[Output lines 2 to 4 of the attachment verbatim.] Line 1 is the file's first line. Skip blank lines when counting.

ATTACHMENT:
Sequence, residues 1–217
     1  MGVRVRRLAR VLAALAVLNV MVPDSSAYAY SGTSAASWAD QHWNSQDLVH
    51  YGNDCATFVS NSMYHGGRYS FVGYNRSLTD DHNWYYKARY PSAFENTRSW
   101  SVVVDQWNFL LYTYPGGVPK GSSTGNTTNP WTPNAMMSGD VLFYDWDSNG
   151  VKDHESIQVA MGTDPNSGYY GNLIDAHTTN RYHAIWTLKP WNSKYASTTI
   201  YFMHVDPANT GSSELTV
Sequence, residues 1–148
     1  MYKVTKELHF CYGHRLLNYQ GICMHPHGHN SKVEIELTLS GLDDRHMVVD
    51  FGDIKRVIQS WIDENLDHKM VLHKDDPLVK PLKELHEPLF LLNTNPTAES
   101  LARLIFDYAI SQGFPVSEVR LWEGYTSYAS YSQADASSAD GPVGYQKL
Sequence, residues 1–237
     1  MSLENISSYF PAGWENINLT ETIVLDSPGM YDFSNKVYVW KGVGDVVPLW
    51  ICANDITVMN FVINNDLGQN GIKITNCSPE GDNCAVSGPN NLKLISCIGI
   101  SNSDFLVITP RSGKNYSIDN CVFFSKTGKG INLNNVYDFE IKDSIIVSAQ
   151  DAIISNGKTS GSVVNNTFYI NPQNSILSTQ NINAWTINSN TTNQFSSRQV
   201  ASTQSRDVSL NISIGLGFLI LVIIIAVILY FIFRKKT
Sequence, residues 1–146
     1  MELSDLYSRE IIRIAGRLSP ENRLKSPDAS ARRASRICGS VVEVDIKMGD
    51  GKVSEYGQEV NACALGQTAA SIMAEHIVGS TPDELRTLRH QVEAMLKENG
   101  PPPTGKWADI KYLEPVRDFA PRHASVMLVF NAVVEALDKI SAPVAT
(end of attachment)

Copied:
     1  MGVRVRRLAR VLAALAVLNV MVPDSSAYAY SGTSAASWAD QHWNSQDLVH
    51  YGNDCATFVS NSMYHGGRYS FVGYNRSLTD DHNWYYKARY PSAFENTRSW
   101  SVVVDQWNFL LYTYPGGVPK GSSTGNTTNP WTPNAMMSGD VLFYDWDSNG